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Dog
Green glazed pottery
Eastern Han dynasty
H. 29.0cm, Depth 20.8cm
Excavated at Gansu province
National Museum of Shaanxi History

This figurine was formed from brownish clay in a mold that splits right down the middle into right and left sides. The overall form was coated in green glaze. Here the dog has a relatively large head, with ears raised, mouth open, and teeth exposed as his long tail curls up above his back and then down to his hips. His somewhat small feet are split into three, giving him an innocent look. Here the dog is fitted with abbreviated features in a lovable generalized form which differs in feel from the more realistic style seen in the dog at cat. No. 12.

Northern and Southern dynasties

The Eastern Han dynasty fell in 220 as a result of chaos at the end of the reign. This led to a 360 year period of fragmented rule in China, spanning the Three Kingdoms era and the Northern and Southern Dynasties era. In 317 an ethnically non-Chinese tribe invaded from the north, and this pushed the ethnic Chinese further south where they formed the Eastern Jin dynasty. During subsequent decades the non-ethnic Chinese formed various dynasties in the Yellow River area to the north, while the ethnic Chinese formed their dynasties in the Yangzi River region, splitting the present-day Chinese geographical sphere into a northern/ southern divide.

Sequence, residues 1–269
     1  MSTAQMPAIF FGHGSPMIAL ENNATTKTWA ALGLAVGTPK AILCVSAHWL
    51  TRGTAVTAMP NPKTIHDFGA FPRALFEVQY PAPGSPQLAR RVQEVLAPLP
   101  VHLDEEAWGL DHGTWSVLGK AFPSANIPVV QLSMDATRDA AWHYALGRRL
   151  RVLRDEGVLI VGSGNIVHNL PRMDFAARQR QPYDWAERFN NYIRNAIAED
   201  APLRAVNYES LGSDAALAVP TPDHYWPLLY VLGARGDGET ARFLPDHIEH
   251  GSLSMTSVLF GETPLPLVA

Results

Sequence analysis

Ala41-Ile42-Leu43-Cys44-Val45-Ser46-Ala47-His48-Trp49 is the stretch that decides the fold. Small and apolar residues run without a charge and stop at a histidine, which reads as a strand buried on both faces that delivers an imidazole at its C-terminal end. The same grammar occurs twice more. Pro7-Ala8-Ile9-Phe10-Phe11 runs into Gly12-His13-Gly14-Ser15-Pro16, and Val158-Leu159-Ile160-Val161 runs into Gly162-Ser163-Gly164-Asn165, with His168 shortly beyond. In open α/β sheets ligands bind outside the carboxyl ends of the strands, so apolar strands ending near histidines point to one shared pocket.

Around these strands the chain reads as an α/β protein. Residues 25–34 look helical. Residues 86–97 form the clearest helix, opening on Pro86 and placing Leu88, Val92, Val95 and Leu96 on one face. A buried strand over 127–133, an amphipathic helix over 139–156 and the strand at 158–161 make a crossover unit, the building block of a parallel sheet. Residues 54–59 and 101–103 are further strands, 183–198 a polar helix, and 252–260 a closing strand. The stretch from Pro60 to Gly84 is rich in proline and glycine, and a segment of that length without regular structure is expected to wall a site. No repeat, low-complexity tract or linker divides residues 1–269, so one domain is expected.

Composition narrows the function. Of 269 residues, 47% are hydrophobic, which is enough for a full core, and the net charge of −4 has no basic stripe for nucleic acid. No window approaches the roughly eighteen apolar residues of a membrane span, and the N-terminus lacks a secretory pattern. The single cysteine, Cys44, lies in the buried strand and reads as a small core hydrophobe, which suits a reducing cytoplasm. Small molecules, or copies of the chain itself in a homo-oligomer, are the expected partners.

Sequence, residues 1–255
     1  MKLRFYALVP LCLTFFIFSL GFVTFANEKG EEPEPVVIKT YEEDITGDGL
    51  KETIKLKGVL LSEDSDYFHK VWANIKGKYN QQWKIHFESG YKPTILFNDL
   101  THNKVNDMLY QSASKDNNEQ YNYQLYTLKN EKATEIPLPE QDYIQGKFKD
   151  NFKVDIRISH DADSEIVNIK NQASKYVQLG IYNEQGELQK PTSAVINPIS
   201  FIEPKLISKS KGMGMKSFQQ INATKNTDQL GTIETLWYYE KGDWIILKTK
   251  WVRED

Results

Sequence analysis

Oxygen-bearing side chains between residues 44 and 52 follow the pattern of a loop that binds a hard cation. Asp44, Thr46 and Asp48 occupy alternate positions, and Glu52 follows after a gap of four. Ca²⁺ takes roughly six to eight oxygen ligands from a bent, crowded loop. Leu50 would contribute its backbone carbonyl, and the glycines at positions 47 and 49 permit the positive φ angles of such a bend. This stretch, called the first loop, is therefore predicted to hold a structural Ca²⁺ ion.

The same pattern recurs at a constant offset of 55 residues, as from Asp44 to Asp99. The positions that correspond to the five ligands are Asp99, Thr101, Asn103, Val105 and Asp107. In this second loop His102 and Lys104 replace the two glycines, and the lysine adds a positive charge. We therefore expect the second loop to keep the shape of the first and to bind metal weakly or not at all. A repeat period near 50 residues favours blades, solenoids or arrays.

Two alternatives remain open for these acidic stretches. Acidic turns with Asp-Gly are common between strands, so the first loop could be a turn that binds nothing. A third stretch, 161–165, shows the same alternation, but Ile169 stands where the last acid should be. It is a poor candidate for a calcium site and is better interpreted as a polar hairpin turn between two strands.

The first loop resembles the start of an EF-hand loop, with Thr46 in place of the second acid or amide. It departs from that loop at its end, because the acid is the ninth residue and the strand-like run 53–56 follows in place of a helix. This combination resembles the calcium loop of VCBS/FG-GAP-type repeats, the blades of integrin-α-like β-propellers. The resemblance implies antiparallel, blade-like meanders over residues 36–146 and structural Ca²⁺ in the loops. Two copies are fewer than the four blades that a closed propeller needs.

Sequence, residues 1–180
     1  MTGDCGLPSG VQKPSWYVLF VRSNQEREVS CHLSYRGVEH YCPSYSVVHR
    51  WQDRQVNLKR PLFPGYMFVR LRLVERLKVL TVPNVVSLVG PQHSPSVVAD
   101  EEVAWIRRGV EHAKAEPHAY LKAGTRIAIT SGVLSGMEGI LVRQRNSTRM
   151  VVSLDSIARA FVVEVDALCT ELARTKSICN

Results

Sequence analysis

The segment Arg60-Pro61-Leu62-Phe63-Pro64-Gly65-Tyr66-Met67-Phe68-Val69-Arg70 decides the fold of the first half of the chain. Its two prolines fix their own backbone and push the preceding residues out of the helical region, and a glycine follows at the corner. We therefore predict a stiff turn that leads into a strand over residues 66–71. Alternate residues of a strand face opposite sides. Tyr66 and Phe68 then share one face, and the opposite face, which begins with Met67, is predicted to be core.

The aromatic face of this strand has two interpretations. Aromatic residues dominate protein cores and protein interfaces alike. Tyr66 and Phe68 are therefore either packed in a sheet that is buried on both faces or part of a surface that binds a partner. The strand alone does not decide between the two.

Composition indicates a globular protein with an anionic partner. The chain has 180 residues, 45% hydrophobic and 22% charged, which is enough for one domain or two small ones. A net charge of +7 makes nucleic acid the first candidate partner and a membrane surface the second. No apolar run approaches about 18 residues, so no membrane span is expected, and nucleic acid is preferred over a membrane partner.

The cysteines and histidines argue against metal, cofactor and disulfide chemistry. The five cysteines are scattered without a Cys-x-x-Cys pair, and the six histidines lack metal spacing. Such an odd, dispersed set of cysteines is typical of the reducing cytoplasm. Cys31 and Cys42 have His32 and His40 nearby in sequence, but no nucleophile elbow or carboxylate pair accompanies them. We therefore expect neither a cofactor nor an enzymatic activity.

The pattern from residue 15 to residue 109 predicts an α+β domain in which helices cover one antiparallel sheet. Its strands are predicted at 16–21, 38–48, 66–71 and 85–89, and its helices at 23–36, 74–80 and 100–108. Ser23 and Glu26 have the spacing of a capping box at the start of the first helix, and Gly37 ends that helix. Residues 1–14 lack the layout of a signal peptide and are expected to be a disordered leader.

This political and geographical split had a great effect on tomb structures which had been established during the Han dynasty. The tombs of the rulers and high officials of the Wei and Jin dynasties of the ethnic Chinese did not have large tumulus structures like those seen in the ethnic Chinese Han dynasty, rather they were built as underground tomb channels located in the mountain foothills. The northern Sixteen Kingdoms based their tomb building on the unique tribal custom of hiding their tombs in the so-called OqianmaiO style. This practice meant there was a temporary lapse in the creation of tomb figurines.

The Northern Wei dynasty, established in 386 by the Xianbei Tuoba people, built cave chambers in the mountain side at Datong. In 494 Emperor Xiaowen moved the capital to Luoyang, and proceeded to build a stronger and more sinified political structure. Xiaowen built the Chang tomb for himself in the hilly area of Beimang, and this area was designated the burial grounds of the Tuoba people who had moved to the central plains from the north. This site saw the revival of the tumulus-form tombs, and excavations have revealed an increased number of tomb figurines from this period.

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